Memorandum by Michael Felton Associates
A. SUMMARY AND
The difference between local authority
markets (the municipal sector) and the non-local authority markets
(the private sector).
The distinction between covered markets
(the "Indoors") and the uncovered or open markets (the
The last 10 to 15 years.
The specialist markets.
The route to stabilisation.
Socio-economic effects and their benefit.
Future prospectsthe next decade.
It is to be noted that we have directed our
expertise to the above subject matters only where it is felt that
our comments would assist the committeenot least the background
detail in paragraphs B1 to B3 inclusive. The name/location
of markets as businesses are set in italics.
1. Type of market operationsmunicipal
1.1 The municipal markets both "Indoors"
and "Outdoors" are operated by local authorities and
are based on custom; royal charter; local acts of parliament passed
in the 19th century or under the Food Act 1984. The private sector
principally operates in the "Outdoors" arena with the
operators being individuals (ex traders or entrepreneurs); charter
holders; quoted and non-quoted companies. The bulk of the private
sector sites are held on licence or short lease from local authorities
who own the car parks; the central squares; the pavements or streets.
1.2 The industry's broad calculation is
that approximately one thousand one hundred separate markets are
trading todayroughly some 70% are in the municipal sector
and 30% in the private sector. It is thought that some one thousand
five hundred traded 12 or more years ago. This statistic
is misleading in that the municipal "Indoors" will usually
trade five or six days per week whereas the private sector mainly
operates "Outdoors" often on a one to three day week.
The footfall percentage in the municipal sector is therefore much
higher than 70% unit ratio. Therefore the overall footfall volume
may be up to 85/90% of total visiting for the municipal sector.
2. INDOORS AND
2.1 The "Indoors" represent the
bulk of market trade are almost all owned municipally. Many are
in splendid Victorian structures (Cardiff; Halifax; Leeds;
Newcastle; Newport, Spitalfields) or in the post war
modern period (Birmingham; Bradford; Liverpool, Plymouth; Warrington).
The "Indoors" are the significant part of the industry
by providing all-weather cover; some element of heating; toilet
facilities; a degree of security for the traders; six days or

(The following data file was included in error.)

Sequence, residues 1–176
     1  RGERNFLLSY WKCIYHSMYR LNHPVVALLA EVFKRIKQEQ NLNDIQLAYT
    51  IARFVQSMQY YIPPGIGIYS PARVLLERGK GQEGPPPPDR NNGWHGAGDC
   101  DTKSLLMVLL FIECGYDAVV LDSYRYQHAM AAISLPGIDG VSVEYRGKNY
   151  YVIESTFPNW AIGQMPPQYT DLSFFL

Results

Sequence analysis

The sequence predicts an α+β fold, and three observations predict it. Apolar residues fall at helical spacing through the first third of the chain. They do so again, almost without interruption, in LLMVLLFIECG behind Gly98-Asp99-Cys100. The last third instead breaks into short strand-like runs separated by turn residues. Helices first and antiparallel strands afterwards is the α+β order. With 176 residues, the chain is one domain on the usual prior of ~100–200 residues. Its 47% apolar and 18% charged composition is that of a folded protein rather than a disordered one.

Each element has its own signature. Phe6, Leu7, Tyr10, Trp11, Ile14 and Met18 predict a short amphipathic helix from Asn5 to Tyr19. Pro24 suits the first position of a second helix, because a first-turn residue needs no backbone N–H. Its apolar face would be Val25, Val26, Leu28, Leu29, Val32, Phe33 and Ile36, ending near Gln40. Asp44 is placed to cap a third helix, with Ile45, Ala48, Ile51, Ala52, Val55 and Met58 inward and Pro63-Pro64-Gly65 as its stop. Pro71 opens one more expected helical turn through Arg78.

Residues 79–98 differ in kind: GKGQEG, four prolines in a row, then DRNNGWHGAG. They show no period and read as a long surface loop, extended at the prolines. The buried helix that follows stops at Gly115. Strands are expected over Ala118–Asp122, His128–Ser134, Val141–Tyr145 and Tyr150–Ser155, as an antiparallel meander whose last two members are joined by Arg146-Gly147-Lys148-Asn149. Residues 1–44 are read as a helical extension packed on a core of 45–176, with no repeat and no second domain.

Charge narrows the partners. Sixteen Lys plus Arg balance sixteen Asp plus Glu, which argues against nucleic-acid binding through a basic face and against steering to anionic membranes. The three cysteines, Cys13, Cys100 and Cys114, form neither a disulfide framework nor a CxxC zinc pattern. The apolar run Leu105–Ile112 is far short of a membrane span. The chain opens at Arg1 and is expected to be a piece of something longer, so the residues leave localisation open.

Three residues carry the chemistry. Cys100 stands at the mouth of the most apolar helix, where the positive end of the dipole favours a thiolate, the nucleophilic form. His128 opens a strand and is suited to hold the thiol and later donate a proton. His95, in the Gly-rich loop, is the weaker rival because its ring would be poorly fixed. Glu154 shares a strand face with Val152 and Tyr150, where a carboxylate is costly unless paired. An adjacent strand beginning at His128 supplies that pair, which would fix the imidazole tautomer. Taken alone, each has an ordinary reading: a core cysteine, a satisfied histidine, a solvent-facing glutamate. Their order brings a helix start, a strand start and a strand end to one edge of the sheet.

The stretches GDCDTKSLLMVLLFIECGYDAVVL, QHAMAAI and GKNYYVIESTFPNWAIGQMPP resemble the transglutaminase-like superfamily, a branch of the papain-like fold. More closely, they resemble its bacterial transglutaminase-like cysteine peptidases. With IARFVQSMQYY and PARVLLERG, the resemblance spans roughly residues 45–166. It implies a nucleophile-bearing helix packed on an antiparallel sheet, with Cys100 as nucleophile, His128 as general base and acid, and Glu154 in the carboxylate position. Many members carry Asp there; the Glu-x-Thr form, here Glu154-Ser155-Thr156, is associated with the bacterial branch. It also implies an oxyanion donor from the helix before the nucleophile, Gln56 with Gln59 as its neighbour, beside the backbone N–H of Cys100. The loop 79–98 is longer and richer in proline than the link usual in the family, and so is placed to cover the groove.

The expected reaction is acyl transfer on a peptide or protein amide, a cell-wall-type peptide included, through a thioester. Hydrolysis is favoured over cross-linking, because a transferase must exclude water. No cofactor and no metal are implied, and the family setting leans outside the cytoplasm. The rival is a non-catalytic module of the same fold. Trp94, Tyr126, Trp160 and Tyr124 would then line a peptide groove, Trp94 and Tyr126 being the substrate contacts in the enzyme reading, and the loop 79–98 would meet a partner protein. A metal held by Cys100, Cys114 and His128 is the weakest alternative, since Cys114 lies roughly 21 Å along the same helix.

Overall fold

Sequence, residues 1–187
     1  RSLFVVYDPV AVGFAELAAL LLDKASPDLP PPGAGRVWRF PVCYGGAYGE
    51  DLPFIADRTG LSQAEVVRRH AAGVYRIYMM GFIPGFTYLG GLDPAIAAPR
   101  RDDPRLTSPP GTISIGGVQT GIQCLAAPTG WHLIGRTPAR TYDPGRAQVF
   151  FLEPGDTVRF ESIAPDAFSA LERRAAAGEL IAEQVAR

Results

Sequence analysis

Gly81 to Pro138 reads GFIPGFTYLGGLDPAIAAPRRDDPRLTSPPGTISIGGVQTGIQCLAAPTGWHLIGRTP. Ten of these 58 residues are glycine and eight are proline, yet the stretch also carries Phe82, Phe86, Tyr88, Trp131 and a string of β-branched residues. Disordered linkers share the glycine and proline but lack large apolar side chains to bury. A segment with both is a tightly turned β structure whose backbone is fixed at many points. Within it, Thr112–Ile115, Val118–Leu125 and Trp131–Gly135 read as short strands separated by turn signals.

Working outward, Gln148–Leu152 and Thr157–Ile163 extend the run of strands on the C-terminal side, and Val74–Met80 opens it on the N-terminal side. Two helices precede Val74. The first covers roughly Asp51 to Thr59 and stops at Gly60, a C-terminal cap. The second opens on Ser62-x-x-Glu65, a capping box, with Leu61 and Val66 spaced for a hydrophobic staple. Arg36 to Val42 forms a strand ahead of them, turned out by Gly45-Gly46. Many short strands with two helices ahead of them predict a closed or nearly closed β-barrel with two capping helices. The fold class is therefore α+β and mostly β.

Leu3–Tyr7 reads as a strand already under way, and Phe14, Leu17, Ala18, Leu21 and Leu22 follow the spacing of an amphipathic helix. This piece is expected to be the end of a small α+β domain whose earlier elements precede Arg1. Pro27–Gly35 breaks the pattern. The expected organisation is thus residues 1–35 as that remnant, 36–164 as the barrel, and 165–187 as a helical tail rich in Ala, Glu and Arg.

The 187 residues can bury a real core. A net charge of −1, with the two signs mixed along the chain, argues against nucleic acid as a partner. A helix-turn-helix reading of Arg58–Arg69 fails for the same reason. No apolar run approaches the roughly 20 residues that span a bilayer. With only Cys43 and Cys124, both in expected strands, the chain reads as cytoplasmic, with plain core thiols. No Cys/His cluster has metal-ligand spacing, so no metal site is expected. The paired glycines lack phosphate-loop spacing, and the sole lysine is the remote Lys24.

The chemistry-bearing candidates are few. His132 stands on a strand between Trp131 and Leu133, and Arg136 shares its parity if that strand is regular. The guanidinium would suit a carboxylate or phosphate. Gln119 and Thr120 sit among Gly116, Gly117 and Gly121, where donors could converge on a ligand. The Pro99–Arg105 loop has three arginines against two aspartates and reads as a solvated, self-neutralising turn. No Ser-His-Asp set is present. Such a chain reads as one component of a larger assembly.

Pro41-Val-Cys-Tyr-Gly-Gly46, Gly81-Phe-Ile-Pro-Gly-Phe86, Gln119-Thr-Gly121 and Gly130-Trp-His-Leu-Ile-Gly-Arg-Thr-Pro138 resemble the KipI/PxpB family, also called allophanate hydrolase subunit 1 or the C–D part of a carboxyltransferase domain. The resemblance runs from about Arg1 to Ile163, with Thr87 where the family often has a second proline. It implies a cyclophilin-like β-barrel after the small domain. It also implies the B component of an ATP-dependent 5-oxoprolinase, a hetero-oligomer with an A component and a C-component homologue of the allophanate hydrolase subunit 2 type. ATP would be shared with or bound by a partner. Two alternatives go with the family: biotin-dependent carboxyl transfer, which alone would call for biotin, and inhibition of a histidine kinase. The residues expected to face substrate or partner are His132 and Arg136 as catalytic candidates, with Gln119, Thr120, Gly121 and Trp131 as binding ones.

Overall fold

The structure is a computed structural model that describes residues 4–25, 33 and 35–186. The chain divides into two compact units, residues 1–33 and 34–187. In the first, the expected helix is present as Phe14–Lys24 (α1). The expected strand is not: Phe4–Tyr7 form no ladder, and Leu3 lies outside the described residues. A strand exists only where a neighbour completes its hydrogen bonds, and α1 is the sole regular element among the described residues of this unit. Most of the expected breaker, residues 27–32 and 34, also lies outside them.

a minimum of three days per week trading; fixed premises for cafes;
snack bars; chill rooms; office areas; storage etc.
2.2 The "Outdoors" are operated
in both trading sectors. In the municipal sectors often attached
to an "Indoors" unit eg Blackburn; Bury; Oldham
or "Outdoors" Cambridge; Newark; Norwich; Mansfield.
However, a substantial part of the "Outdoor" sites are
operated under licence from the local authority by the private
sector. There is scarcely a town in the UK that does not have
the benefit of a one or two day a week marketthese are
too numerous to mention.
3. THE DIFFERENCE
3.1 These differences/distinctions are important
to understand their significance to the industry.
3.2 The profit motive drives the private
sector while the municipal is prepared to support its market on
social; economic; political; historic grounds. This is not to
gainsay that the municipal sector does not have immensely successful
outlets and achieves an annual surplus.
3.3 Notionally a municipal market provides
a surplus for the local authority and a margin for the trader.
The private sector requires a triple "profit" as the
operator also requires one. Paradoxically, the private sector
produces a larger percentage of gross income as profit as cost
control is strict. Local authority finance rules add back "capital
transfers" ie a hypothetical rent on its own property thus
reducing any surplus AND a prima facie "undue" (our
view) percentage of the central costs ie senior officers time/central
costs etc. etc. Our experience is that only their treasurer's
departments know how this is calculated.
3.4 The municipal sector invariably has
a hierarchy of council officers at four or five levels. The private
sector has immediate decision making as the businesses are relatively
small. Local authority control often rests with a members committee
which again, in our experience, does little or nothing to improve
a market's performance being primarily concerned with attaining
a surplus or avoiding a subsidy. It is noticeable that the committees
are taking more interest in performance of late.
3.5 Within our knowledge it is clear that
many municipal market traders have obtained security of tenure
and therefore subject to the legislation on occupancy. The private
sector cannot and will not provide this as their interests are
conditioned by a short period of legal occupancyie three
to 10 yearsoften subject to a negotiated renewal.
3.6 Overall, publicity and promotion is
more effective in the private sector. Principally because LA (Local
Authority) efforts are usually contained within a council's total
publicity package and therefore less prominent and less well directed
to the public.
3.7 The phenomenon of Sunday markets is
mainly in the hands of the private sector ie Bovington
(Herts); Blackbushe (Hants); North Weald (Essex);